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29

Okay. Without knowing the sites in question, I will try and explain a bit of what is going on and I will provide just a few links. From: http://www.cradlecloud.com/ban-block-blackhatworth-com-spam-referrals/ I get the following domain names associated with the new method of referrer spam that people are seeing of late. BlackHatWorth.com Iskalko.ru ...


15

This is not valid traffic, it is called Referrer Spam, this kind of spam uses a Google Analytics weakness to make fake visits to your site, so they actually never visit your site. This Ghost Referrer Spam targets random GA tracking ID's with the only purpose of getting traffic from people that get curious about the referral in their analytics and try to go ...


9

As John says, this is fake traffic known as "referral spam". This morning I had about 80% of my "traffic" coming from this same domain. Rest assured, you are not paying Google for these clicks. The basic idea behind referral spam is that some hosts will publish their logs or Analytics data publicly, thus creating links and/or text references to their ...


8

This answer may help - https://support.google.com/analytics/answer/1011811?hl=en-GB. Not all referrals from Google.co.uk domains come through organic search or AdWords ad listings. Referrals may come from a variety of sources, including Google Groups posts, base.google.com listings or static pages on related Google sites. Such visits are tagged as ...


7

Sadly you can not referrer on HTTPS to sites using HTTP. You can however do HTTPS to HTTPS or HTTP to HTTPS. SOURCE Clients SHOULD NOT include a Referer header field in a (non-secure) HTTP request if the referring page was transferred with a secure protocol. A work around would be to use a internal redirect script that rather than directing ...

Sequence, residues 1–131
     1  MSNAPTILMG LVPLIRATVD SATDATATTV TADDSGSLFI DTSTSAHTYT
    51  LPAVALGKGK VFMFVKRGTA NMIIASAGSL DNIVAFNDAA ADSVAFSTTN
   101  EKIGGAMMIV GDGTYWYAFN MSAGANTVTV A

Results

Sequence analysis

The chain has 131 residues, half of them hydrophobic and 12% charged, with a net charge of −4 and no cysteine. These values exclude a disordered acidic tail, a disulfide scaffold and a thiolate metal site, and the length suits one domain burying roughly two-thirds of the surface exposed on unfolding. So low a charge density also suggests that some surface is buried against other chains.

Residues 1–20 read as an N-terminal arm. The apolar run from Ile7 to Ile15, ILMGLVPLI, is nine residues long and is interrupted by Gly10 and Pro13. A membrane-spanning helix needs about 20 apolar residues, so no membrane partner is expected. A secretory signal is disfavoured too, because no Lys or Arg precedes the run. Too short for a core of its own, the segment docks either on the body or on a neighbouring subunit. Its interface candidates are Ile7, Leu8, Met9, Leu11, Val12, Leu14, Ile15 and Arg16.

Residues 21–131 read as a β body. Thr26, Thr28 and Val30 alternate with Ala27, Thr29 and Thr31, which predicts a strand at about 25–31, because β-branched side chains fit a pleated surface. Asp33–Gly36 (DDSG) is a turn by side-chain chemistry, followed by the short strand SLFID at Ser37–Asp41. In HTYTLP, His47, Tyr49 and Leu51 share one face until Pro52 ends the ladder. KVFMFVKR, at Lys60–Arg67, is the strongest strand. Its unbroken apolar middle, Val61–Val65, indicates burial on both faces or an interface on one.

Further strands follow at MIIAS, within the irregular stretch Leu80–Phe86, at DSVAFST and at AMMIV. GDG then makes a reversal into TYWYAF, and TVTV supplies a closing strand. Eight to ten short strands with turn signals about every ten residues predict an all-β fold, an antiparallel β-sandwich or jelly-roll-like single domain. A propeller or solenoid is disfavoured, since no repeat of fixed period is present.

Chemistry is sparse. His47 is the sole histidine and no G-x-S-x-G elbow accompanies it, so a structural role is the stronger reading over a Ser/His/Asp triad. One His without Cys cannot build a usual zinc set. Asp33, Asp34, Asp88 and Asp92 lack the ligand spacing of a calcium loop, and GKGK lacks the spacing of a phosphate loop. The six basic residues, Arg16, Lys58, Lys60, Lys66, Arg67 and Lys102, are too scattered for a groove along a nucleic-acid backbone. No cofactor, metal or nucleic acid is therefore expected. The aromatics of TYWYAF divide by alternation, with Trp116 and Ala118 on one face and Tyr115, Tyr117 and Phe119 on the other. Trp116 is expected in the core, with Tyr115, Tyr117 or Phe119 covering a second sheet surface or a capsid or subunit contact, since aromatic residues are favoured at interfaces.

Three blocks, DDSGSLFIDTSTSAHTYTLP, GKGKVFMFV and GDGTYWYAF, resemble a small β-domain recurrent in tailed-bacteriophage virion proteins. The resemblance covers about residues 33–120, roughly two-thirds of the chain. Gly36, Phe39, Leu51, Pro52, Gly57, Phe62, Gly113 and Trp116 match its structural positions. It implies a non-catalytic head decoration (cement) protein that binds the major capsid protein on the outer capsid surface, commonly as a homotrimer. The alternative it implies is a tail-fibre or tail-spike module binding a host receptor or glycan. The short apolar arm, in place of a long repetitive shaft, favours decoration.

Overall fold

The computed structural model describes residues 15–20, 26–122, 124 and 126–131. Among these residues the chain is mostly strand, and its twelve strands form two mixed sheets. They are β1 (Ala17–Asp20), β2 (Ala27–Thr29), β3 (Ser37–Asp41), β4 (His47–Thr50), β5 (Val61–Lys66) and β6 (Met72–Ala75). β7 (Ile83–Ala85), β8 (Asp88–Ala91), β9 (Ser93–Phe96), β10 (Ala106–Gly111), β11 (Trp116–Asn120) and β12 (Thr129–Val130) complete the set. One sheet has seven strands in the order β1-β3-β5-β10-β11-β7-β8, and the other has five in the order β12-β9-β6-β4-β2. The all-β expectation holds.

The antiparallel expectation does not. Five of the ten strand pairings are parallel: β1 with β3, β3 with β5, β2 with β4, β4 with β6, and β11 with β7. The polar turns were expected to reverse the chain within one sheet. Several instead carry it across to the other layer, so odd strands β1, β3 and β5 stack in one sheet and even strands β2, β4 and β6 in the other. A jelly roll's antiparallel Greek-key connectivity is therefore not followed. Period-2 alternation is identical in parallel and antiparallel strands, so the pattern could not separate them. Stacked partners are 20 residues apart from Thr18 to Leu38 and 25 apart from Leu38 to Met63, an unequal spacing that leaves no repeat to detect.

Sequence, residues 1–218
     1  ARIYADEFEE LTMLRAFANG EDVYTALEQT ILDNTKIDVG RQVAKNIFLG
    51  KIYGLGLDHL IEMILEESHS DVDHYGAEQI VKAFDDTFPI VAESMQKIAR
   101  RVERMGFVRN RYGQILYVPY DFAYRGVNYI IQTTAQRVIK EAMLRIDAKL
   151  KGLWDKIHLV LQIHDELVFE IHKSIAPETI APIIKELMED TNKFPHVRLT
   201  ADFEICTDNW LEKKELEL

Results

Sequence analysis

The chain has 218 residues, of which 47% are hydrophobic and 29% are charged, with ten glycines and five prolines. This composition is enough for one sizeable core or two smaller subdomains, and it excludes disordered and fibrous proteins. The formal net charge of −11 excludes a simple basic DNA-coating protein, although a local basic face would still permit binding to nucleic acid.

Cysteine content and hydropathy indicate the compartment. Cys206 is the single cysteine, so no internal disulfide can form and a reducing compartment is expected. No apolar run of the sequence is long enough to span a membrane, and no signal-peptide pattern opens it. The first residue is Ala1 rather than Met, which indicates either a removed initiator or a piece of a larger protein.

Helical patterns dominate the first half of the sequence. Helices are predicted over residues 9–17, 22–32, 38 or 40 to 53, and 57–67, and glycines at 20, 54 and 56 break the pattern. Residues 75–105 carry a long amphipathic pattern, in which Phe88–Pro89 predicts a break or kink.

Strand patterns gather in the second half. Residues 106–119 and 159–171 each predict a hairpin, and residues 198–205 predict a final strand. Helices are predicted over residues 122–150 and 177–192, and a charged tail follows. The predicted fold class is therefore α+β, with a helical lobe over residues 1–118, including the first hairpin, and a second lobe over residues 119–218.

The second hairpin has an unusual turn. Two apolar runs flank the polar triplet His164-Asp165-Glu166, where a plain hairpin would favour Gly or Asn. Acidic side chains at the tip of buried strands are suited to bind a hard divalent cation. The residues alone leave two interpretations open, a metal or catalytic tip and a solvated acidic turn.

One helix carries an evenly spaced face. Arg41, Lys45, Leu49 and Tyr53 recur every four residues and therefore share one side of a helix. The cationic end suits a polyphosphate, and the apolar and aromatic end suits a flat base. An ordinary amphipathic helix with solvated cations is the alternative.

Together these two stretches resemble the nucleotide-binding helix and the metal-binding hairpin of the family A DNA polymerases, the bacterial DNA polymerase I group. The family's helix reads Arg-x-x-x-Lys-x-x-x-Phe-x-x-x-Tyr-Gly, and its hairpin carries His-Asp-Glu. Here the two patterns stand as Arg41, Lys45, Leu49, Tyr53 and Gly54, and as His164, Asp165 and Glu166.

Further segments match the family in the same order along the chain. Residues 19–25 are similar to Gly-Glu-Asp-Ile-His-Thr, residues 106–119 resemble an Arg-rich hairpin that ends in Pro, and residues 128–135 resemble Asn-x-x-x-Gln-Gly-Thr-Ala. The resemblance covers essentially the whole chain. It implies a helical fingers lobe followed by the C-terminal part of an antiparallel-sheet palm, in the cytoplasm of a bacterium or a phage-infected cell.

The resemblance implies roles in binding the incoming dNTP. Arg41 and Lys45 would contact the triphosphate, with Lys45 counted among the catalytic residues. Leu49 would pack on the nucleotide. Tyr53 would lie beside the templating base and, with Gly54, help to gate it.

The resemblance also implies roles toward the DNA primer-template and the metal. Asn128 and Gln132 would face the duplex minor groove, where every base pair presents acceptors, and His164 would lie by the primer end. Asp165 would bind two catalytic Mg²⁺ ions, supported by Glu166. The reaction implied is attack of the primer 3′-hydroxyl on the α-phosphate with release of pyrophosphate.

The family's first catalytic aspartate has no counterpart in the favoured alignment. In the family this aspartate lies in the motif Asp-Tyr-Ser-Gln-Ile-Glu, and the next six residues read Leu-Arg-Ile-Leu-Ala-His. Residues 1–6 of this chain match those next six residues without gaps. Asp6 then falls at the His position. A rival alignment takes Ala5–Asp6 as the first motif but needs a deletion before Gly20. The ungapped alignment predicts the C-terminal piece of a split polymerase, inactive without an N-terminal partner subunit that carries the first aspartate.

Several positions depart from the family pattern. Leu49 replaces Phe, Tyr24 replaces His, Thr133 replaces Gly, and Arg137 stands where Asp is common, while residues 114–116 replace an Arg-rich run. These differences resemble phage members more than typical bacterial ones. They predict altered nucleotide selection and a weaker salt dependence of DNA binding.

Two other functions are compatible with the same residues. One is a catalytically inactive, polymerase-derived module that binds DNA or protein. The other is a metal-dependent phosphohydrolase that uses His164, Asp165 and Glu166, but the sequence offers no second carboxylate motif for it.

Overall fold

7

I assume you're referencing Blogger (blogger.com)? Referer spam has been a problem on Blogger and other blogging sites for a very long time. Unfortunately there isn't an effective way to block it because it's very difficult to distinguish legitimate referers from spammers. Editing your robots.txt file will not help because spammers often use fake ...


7

No, it does not. Your Google Analytics is not a ranking factor. So garbage referrals, or anything else in your analytics, will not affect your ranking.


6

One of your affiliates is likely paying for a Google AdWords campaign using their referral link to drive traffic to your site (and boost their sales). That's the simplest explanation, and therefore probably the most likely cause of the AdSense referrals you're seeing. I've had affiliates take out ads to boost their sales before; a welcome side effect of ...


6

I can confirm that Google Analytics will start a new session when the user comes back from logging in with the referrer from another site. I don't have as big a problem with it on my sites because not many of my users log in. From Google's referral exclusion documentation: How excluding referral traffic affects your data By default, a referral ...